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#134349 - 11/03/02 12:38 PM Telephone
Belgian Offline
Member

Registered: 10/10/02
Posts: 177
Loc: antwerp
What do phone plugs look like in your country?
This is how they look like here












Paul, I don't understand much about phone system but I know that in britain too, they use 2 wires in residential phone sockets. About 10 years ago I worked on a phone system in Britain and it used 3 wires. One, I believe was for the ringing. Can you explain to me more about the differences, how it works and why it changed to 2 wires?

[This message has been edited by Belgian (edited 11-03-2002).]

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#134350 - 11/03/02 01:31 PM Re: Telephone
C-H Offline

Member

Registered: 09/17/02
Posts: 1508
Loc: Stockholm, Sweden


Two or sometimes four-wire. Four wires are used to prevent eavesdropping. (If you have picked up one phone, the other phones on the line are "dead")

The plastic pin has to do with this too. When inserted it loops the feed-through via the phone (or other equipment) inserted. Imported two-wire modems and phones give you problems when you want both phone and modem on same socket. Phones are not my cup of tea, really. Therefore I doubt I can answer any questions.

As you can see, they accept RJ-11 plugs. However, the trusted old "Rikstelefon"-sockets remain the standard in new construction, despite serving only as RJ-11 adapters.

For some reason RJ-45 has now caught on as phone plug. I installed RJ-45 sockets for this use a few years ago, when they were not normally used for this purpose. Today you can buy RJ-45 extension reels.

[This message has been edited by C-H (edited 11-03-2002).]

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#134351 - 11/03/02 01:56 PM Re: Telephone
Hutch Offline
Member

Registered: 05/27/02
Posts: 383
Loc: South Oxfordshire, UK
I've posted this before so sorry for the repeat at http://electrical-contractor.net/ubb/Forum9/HTML/000063.html . Here is the old (pre-1990) South African standard. There are six contact surfaces: The outer pair are line 1 and the inner pair line 2. I assume the intermediate pair (not connected in the photos) would be line 3.





RSA now used the US standard as found on the back of your PC.

As PaulUK mentioned in the thread referred to above, it is similar to the older Australian phone jacks (these appear to have an extra pin with an additional pair of contacts that makes the design asymmetric). I was lucky enough to get a look at one of those in situ recently.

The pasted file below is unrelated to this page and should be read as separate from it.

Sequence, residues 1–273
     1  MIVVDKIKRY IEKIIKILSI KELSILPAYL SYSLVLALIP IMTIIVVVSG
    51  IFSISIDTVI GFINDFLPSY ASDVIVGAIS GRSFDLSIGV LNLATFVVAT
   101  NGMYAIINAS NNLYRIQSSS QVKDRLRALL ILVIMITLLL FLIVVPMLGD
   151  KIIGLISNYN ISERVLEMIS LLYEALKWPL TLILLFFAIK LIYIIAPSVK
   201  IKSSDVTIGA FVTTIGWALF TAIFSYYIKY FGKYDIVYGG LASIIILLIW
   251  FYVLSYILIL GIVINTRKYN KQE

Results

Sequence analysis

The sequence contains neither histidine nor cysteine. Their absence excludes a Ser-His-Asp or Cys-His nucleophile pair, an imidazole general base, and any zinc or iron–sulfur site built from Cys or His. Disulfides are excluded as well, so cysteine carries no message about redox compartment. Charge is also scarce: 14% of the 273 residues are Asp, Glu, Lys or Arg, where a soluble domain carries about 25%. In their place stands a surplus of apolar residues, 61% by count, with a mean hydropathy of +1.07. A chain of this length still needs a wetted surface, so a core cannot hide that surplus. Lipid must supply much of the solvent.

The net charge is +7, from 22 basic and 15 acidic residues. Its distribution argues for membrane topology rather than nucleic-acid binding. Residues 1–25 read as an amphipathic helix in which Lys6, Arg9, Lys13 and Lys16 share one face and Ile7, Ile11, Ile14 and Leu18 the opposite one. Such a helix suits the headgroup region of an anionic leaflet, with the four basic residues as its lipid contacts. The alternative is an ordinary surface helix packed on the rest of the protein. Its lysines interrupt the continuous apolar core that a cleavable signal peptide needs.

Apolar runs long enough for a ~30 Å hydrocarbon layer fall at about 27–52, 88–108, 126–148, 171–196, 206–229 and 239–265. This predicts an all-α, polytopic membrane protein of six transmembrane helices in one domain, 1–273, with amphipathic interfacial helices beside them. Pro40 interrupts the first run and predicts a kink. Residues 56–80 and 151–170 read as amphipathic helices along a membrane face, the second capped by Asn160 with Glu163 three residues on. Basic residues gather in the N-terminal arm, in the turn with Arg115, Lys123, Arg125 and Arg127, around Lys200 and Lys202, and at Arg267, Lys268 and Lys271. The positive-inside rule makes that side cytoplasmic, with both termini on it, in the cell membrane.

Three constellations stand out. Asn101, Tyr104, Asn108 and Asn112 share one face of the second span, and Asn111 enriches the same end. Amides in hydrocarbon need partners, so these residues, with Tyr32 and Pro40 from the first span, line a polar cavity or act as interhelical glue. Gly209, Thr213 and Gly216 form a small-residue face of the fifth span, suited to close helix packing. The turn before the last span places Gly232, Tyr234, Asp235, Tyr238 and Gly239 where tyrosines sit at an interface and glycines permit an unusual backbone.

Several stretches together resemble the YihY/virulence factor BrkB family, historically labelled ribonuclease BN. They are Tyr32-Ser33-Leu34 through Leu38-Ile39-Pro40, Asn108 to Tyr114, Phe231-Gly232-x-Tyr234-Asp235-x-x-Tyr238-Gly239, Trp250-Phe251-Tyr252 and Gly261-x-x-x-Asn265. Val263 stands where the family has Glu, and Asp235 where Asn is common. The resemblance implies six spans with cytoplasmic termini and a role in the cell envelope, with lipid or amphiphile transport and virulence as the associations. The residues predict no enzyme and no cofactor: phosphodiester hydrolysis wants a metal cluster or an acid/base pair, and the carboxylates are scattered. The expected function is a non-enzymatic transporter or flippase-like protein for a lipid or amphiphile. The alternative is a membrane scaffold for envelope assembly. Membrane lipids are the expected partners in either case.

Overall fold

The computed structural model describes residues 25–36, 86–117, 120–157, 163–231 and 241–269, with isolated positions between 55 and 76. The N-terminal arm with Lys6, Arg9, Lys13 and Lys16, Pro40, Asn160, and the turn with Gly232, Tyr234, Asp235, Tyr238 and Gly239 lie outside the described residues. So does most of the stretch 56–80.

[This message has been edited by Hutch (edited 11-03-2002).]

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#134352 - 11/03/02 02:09 PM Re: Telephone
C-H Offline

Member

Registered: 09/17/02
Posts: 1508
Loc: Stockholm, Sweden
Deleted post on phone dials.


[This message has been edited by C-H (edited 11-04-2002).]

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#134353 - 11/03/02 06:18 PM Re: Telephone
Hutch Offline
Member

Registered: 05/27/02
Posts: 383
Loc: South Oxfordshire, UK
C-H,

Did you change your dial rotations when you switched road sides in the seventies? You yielded to the dark side of the force!



[This message has been edited by Hutch (edited 11-03-2002).]

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#134354 - 11/04/02 06:05 AM Re: Telephone
Texas_Ranger Offline
Member

Registered: 12/17/01
Posts: 2343
Loc: Vienna, Austria
You guys sure you don't mix up stuff here? I don't want to be impolite, but I think it was New Zealand dials that were backwards, not British.
And what's that stuff about Sweden having changed road sides in the 70es??????
I thought the last European country to change was Austria after Hitler occupied it in 1938!

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#134355 - 11/04/02 06:39 AM Re: Telephone
C-H Offline

Member

Registered: 09/17/02
Posts: 1508
Loc: Stockholm, Sweden
No, the dials haven't changed. But, yes, we did change side of the road in 1967 after a referendum where the vast majority of people voted for not changing (!)

But the cars have always had the steering wheel on the left hand side. Buses used to have it on the right hand side. (Have you noticed that we try to make things differently here? )

[This message has been edited by C-H (edited 11-04-2002).]

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#134356 - 11/04/02 07:09 AM Re: Telephone
SvenNYC Offline
Member

Registered: 08/19/02
Posts: 1685
Loc: New York City
I have a British-made phone here. The dial is similar to a standard American phone (it spins clock-wise with the numbers on the left side).

What is notable is the abscence of the letters that go with digits 2-9 (you know, like ABC-2, DEF-3, GHI-3, etc.).

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#134357 - 11/04/02 07:47 AM Re: Telephone
C-H Offline

Member

Registered: 09/17/02
Posts: 1508
Loc: Stockholm, Sweden
I went to check on old phones. They have the same dial as the British.

Where have I seen one that was reversed? Perhaps my mind has been playing tricks on me...

This just goes to show that I should always check before I write. I'll better call the doc and ask him to prescribe something...

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#134358 - 11/04/02 11:26 AM Re: Telephone
Texas_Ranger Offline
Member

Registered: 12/17/01
Posts: 2343
Loc: Vienna, Austria
No, you read it about British phones imported to New Zealand and fitted with a backwards dial. It spins the same direction, but the numbers are the other way round.

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